With respect to cost saving, doctors feel sufficiently secure in their knowledge and training that spans many years so as not to instruct the performance of superfluous procedures and examinations or to repeatedly refer patients to specialists.

    

26. Access to medical treatment by a doctor

Compared to other countries, the State of Israel supports access to medical treatment to every citizen, irrespective of socio-economic status, and this is also anchored in the National Health Insurance Law. Consequently, there is no justification to encourage the establishment of a multi-tier medical treatment system that is perhaps necessary in countries in which individuals without financial means or those living in remote areas do not have easy access to medical treatment.

 

Expanding the authority of para-professional caregivers through an exemption from the Physicians Ordinance by an inter-ministerial committee

 

27. Lack of institutionalization of para-medical professions

Proper legal institutionalization of “health professions” or professions dealing in complementary medicine is still lacking and to date all attempts to formulate a legal framework for this issue have failed. Medical professionals themselves disagree with each other and with the legislature in defining the professions and concerning required education and training, licensing conditions and transfer procedures. Under these conditions it seems absurd to discuss the transfer of medical authority to a group that is undefined, unsupervised and is not legally institutionalized, certainly not indirectly by means of the Arrangements Law that is unrelated to the essence of the treatment provided by para-professional caregivers, and certainly not by expanding the exemption in the Physicians Ordinance and eliminating the need to receive the approval of the Labor, Welfare and Health Committee or by means of a committee chaired by the Ministry of Finance. It goes without saying that authorizing professionals whose licensing has not been regulated yet to perform medical procedures may be disastrous on the one hand, and interfere with the regulatory process on the other hand.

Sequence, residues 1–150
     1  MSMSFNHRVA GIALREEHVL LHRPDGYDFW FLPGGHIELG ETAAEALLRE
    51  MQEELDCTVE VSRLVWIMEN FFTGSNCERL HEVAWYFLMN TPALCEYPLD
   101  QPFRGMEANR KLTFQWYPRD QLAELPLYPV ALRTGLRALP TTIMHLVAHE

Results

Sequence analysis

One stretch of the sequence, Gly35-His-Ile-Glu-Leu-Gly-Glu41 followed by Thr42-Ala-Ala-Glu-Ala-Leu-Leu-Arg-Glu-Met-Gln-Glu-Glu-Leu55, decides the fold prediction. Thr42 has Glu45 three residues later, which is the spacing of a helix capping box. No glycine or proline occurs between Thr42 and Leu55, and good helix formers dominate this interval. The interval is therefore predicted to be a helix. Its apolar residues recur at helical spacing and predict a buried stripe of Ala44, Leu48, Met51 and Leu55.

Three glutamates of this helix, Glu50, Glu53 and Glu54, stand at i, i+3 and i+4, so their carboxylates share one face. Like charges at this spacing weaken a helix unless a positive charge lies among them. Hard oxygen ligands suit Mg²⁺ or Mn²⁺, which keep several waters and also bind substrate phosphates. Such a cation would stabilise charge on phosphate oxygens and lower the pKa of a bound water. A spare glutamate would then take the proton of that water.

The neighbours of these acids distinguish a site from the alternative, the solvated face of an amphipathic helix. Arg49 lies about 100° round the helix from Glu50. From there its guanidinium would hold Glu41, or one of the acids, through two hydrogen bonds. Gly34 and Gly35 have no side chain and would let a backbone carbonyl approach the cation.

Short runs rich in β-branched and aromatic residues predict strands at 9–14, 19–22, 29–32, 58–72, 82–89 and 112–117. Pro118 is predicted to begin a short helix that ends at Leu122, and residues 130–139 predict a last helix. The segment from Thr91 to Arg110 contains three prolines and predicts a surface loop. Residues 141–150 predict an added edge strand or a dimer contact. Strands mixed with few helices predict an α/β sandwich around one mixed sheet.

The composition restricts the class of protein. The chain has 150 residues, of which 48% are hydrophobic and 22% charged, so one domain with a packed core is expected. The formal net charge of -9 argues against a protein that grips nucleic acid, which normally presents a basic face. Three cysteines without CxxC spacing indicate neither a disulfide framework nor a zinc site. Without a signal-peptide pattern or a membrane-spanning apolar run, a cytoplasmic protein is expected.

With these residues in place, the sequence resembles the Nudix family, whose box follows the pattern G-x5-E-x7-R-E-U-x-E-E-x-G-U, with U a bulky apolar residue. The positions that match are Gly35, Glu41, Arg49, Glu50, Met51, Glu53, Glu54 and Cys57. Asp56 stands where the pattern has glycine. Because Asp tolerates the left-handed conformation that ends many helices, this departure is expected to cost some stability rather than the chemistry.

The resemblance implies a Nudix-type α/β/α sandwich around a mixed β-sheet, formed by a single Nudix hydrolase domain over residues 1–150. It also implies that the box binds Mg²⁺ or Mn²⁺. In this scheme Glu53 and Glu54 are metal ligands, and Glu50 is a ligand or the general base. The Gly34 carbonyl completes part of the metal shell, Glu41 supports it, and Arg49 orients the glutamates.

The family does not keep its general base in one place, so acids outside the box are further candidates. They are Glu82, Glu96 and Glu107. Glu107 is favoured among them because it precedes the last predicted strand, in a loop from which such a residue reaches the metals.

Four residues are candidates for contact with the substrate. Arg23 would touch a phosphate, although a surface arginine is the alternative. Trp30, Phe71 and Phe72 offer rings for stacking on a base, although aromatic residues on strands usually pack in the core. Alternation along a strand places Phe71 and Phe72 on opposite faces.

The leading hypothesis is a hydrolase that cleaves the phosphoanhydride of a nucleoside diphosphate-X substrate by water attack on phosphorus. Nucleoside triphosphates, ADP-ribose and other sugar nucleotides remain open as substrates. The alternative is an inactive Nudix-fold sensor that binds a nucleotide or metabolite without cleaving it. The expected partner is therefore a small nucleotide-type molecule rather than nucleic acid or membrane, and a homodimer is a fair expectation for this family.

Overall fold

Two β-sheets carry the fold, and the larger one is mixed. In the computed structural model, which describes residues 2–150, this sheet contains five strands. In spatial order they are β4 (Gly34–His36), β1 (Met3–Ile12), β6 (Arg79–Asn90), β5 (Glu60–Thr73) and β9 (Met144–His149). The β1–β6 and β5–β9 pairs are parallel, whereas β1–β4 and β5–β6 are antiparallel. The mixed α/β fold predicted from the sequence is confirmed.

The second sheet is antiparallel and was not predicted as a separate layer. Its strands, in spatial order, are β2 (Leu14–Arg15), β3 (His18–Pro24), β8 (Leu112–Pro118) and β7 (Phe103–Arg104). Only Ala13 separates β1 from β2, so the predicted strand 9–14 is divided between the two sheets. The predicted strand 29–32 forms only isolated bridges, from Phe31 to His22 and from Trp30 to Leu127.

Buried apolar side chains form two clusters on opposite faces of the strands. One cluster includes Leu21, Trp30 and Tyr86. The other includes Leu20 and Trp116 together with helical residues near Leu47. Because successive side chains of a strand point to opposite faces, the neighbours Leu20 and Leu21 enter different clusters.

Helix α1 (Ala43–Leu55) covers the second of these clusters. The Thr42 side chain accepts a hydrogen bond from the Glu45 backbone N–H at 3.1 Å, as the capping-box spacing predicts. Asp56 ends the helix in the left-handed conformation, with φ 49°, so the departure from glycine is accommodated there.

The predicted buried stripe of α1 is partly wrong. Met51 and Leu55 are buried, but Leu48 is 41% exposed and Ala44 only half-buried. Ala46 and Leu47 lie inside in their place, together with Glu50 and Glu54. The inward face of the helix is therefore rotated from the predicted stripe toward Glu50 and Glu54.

28. The qualification of para-medical professionals

We are perplexed by the explanations to the draft law that include unequivocal statements concerning the qualification level of para-medical professionals as the basis for granting them medical authority. It is important to remember that newspapers are filled with articles and reports about the large number of charlatans in these fields (which in fact motivated the Ministry of Health and the legislature to attempt to define recognized professions and the supervision and enforcement required in order to protect the public), and about caregivers that caused damage of one kind or another to patients after treating them in a way that did not suit their medical condition. In any event, it is unreasonable to compare the qualification and training of those dealing in health professions or that call themselves para-medical professionals, with the training doctors are required to undergo based on the strict criteria of the Scientific Council.